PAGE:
Via FrontPageAfrica, more confirmation of the public-health disaster in a Monrovia slum: Danger Lurks in Monrovia: Ebola Patients Flee W. Point Isolation. Excerpt:
Monrovia-Concerns continue to mount over the Ministry of Health and Social Welfare’s handling of the Ebola virus heightening fears that the virus could spread faster than expected in Liberia.
In the West Point community Saturday, seventeen (17) suspected and some confirmed Ebola patients escaped an isolation center late in the evening.
Sam Tarplah, a registered nurse who is managing the self-initiative isolation center early Saturday morning took journalists on a tour of a facility where the positive Ebola patients were being kept in isolation.
From a concrete fence and a building with half transparent windows, the Ebola patients are visibly seen at the center with those who are a little stronger communicating loudly.
“I have been here one week," one shouted; "you bring us food”, he said, refusing to call his name. Nurse Tarplah told reporters that some of the people kept at the center at the MV Massaquoi School were diagnosed positive and told to be in isolation at home because of insufficient space at the ELWA isolation center.
Tarplah said knowing the risk the presence of these Ebola positive patients will cause the community when they at home, he decided to keep them in one location though not in the same room.
According to him, there were a total of 29 persons that the center but nine had died over the last few days. A day ago, he said one of the patient very weak, fell on his forehead and died.
He said on Friday, a lady from Bardnersville who brought food for her husband and a son, two of them Ebola positive, became angry when she was not allowed entry and as such some residents of West Point, assisted her in erecting sticks on the wall of the fence where the man and his son escaped.
Late Saturday night, the remaining 17 left the isolation center assisted by angry residents of the West Point Community.
Tarplah said a group of people overwhelmed the center chanting slogans such as “NO Ebola, Ellen broke, she want more money; she lying about Ebola” and helped the 17 patients to leave the center.
Tarplah said his vehicle was partly damaged by the group some of whom are against the establishment of such center in their community.
“I am on my way to Ministry of Health right now, the people came and opened the place with force, they even spoiled my car”, Tarplah said.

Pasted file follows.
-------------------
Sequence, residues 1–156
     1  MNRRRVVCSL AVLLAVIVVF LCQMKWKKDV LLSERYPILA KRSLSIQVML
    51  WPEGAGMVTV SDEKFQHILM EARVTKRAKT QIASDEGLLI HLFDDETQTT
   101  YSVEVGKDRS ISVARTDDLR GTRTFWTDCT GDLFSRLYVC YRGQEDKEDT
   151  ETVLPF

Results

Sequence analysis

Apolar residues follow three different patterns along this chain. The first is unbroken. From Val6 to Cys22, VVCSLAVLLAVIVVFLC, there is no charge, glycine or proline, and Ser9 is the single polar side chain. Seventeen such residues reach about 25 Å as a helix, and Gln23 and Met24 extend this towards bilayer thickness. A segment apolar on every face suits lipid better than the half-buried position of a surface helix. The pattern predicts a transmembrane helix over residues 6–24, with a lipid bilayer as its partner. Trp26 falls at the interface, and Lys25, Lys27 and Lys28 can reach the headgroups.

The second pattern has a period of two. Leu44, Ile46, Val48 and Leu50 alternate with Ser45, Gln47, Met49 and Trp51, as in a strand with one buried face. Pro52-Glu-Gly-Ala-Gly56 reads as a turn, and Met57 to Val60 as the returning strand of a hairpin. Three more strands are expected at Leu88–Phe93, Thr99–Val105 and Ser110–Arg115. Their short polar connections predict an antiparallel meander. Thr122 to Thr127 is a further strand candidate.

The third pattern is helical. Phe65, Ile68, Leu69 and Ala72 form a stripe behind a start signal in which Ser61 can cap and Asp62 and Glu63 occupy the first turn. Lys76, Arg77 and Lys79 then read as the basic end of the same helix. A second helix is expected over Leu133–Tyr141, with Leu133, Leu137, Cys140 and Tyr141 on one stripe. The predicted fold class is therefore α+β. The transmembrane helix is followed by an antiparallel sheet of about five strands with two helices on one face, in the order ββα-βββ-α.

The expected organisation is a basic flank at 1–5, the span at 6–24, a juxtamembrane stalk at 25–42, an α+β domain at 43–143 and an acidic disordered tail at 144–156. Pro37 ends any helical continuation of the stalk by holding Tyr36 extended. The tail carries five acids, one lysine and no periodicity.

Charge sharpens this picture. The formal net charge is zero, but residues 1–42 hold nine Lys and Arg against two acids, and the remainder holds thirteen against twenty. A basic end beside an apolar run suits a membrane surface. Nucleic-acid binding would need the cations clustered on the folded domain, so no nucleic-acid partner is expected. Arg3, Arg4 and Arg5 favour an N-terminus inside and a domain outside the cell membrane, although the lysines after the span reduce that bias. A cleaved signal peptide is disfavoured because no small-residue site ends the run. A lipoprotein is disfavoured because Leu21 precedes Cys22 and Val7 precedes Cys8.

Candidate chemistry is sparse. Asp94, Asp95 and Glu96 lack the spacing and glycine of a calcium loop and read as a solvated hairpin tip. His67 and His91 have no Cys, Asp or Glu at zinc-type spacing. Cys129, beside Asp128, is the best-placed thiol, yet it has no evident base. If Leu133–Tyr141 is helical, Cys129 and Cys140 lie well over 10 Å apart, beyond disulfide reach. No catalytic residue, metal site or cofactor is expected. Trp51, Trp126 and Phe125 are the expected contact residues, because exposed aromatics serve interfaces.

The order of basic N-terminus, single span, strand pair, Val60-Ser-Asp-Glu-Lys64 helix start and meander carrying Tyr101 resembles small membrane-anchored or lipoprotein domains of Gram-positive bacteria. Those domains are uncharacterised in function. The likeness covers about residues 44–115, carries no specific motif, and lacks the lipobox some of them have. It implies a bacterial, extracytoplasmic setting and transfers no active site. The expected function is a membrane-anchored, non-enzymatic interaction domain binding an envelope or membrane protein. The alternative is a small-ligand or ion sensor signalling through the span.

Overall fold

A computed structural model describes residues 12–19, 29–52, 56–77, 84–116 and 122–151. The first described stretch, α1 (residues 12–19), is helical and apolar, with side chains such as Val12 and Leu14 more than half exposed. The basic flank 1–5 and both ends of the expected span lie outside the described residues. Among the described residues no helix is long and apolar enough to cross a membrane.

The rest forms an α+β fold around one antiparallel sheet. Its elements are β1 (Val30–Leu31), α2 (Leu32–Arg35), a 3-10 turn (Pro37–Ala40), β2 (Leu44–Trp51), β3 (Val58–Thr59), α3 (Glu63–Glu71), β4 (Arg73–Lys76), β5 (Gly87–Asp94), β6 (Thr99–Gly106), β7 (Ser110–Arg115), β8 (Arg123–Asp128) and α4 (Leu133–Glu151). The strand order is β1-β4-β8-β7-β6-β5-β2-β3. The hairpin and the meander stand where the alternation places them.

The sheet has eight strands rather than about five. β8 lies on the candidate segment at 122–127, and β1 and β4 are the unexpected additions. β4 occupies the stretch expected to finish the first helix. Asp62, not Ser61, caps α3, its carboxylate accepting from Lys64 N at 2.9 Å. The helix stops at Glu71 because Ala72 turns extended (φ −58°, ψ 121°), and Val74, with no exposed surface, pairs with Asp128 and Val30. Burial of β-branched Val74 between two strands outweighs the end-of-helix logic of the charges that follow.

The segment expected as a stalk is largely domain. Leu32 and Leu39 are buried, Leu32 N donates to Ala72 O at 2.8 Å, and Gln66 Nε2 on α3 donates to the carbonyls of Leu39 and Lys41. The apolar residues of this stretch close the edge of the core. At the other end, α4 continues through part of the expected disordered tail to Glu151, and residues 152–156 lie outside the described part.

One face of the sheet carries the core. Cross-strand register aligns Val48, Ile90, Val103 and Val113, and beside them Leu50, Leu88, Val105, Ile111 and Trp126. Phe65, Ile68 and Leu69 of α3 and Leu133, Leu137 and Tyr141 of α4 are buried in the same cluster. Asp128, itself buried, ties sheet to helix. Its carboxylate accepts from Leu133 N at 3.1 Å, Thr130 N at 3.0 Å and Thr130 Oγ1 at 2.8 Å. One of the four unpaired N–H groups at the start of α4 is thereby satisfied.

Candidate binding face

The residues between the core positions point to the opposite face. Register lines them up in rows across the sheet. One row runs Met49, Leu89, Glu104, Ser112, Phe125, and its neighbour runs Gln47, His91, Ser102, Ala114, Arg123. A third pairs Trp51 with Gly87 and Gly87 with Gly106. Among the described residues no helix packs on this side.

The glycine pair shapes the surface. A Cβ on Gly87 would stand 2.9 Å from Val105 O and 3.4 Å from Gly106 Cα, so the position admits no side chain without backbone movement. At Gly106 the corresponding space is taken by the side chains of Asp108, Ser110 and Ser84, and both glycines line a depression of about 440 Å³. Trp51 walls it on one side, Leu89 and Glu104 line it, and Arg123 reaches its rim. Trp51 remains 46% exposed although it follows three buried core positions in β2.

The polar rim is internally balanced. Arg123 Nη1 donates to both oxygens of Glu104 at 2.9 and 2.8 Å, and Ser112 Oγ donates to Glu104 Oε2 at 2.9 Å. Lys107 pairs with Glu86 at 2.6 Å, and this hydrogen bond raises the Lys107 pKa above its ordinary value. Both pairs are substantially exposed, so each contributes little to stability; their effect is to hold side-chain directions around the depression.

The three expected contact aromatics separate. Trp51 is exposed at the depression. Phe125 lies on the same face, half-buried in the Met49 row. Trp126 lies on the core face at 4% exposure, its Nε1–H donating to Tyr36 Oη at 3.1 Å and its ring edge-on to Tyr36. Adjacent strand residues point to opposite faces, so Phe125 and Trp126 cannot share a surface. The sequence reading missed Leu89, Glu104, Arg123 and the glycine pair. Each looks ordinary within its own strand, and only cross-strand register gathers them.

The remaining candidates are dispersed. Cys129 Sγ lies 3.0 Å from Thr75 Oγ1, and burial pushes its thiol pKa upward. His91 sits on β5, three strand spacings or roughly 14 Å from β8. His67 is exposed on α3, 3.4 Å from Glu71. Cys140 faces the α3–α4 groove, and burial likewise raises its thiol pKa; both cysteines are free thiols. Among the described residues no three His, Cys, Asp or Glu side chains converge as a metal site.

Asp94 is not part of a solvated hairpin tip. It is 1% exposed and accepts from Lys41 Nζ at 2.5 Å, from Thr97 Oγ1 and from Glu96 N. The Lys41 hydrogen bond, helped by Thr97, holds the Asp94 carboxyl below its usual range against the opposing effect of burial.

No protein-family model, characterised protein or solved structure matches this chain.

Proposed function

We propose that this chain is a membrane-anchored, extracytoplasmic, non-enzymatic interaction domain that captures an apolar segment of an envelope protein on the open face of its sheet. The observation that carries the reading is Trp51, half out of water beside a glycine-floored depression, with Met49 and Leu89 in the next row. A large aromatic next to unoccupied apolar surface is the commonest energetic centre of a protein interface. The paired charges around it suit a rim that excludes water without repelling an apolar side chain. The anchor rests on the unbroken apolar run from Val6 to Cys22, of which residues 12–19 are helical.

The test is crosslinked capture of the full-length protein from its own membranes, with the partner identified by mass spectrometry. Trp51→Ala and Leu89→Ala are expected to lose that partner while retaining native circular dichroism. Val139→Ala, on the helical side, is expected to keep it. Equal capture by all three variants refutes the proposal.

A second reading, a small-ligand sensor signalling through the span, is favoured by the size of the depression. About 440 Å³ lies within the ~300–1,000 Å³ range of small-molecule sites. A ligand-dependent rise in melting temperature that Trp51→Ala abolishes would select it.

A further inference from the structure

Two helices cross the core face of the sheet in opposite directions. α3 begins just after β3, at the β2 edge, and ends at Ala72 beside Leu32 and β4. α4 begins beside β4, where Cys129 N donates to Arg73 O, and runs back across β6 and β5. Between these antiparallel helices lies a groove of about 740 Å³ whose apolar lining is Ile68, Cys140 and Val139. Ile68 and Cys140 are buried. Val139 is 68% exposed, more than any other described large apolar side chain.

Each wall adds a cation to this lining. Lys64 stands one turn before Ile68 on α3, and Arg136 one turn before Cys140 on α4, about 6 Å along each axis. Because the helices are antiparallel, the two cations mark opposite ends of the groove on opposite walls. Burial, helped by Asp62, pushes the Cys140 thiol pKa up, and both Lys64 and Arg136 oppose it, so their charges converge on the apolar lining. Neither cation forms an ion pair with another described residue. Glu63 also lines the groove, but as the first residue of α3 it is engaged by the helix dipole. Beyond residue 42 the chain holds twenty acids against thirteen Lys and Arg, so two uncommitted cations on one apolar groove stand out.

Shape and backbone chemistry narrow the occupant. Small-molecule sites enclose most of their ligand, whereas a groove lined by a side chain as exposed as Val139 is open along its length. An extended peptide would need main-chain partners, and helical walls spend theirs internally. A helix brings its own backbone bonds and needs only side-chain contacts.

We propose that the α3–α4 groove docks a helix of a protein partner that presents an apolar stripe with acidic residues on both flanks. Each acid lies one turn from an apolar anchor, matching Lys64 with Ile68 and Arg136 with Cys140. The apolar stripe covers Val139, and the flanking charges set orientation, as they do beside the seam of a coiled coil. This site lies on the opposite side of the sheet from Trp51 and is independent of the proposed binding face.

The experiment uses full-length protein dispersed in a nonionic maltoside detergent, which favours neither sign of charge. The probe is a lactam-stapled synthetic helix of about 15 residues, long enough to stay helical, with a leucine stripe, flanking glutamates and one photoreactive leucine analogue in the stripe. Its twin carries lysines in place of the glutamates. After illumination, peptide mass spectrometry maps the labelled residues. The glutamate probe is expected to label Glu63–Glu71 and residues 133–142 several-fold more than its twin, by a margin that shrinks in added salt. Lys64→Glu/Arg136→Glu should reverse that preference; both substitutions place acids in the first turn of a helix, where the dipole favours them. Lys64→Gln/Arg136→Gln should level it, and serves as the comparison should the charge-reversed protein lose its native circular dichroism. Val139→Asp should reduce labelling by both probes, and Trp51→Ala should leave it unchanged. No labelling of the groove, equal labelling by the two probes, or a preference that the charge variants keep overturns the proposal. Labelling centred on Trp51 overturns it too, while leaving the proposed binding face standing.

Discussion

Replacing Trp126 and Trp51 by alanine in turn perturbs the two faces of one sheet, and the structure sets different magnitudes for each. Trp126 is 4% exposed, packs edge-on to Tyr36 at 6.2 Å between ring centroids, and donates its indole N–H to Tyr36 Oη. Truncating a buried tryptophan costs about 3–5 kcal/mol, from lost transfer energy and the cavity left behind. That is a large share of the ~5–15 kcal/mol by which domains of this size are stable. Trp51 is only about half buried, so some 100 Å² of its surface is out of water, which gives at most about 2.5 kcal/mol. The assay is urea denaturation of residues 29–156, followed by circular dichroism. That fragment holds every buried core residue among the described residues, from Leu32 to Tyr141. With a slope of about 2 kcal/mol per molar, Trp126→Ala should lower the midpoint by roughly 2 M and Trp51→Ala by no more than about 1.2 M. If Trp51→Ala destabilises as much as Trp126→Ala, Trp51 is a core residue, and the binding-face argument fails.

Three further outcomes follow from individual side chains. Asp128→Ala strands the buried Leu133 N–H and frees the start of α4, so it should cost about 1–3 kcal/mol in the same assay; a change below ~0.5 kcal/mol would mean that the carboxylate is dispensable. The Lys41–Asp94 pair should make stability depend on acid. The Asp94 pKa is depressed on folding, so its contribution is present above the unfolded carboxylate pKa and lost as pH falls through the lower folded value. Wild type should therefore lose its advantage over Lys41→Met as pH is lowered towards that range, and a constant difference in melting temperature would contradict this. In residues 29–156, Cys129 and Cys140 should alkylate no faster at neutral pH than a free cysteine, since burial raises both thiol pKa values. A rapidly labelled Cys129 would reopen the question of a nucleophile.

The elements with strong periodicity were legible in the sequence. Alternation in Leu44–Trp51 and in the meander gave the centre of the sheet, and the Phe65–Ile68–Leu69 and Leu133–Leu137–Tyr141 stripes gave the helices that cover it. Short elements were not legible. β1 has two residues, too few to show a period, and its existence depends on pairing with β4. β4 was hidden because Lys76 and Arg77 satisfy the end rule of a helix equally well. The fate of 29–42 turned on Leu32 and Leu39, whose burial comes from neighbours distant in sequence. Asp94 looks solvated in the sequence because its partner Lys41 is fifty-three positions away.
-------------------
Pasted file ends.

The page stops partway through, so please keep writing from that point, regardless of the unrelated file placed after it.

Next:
The medical humanitarian group Samaritan Purse experienced similar resistance in the ELWA community when they tried to expand the treatment and containment center at the facility, forcing the group to abandon their plans to widen the scope of their work in the area.
The West Point Community is densely populated and Assistant Health Minister for Curative and Preventive Services, Tolbert Nyeswah said Thursday that the Health Ministry has planned to quarantine the entire community to prevent people from moving in and out.
“We will soon quarantine West Point, we are trying to get food and other needs before we effect the action”, Nyeswah said.
As the news of quarantining the area spreads, residents have become angry over the planned action and have been threatening to resist.
On Saturday morning some West Point residents, mainly youths were remaking threatening remarks “We will not move around, your come try it, your will see; your want make money out of West Point, let see”.
West Point, located on a peninsula which juts out into the Atlantic between the Mesurado and St. Paul Rivers is home to approximately 75,000 people and is easily one of Monrovia's most densely populated neighborhoods hampered by overpopulation and a host of diseases.
The community’s problems have been crippled by the lack of proper sanitation, public toilets. A UN report estimates that there are four public toilets in the area and while some sections of the area have paid public toilets, many cannot afford, forcing residents to use the surrounding areas to ease themselves.
Outside West Point, several communities around Monrovia are also going through tough patches.
Sick patients have been pleading for more than a week to get medical teams assistance but many of those pleads are falling on deaf ears as bodies are taking longer to be collected.
In the 5th Street Community in Sinkor, a body lasted three days before community dwellers staged a protest blocking the main Tubman Boulevard Road to claim the attention of health authorities on Thursday.
This could even bring down the government of President Ellen Johnson Sirleaf, leaving essentially nothing but a few Liberians and a handful of NGOs to cope with the disaster.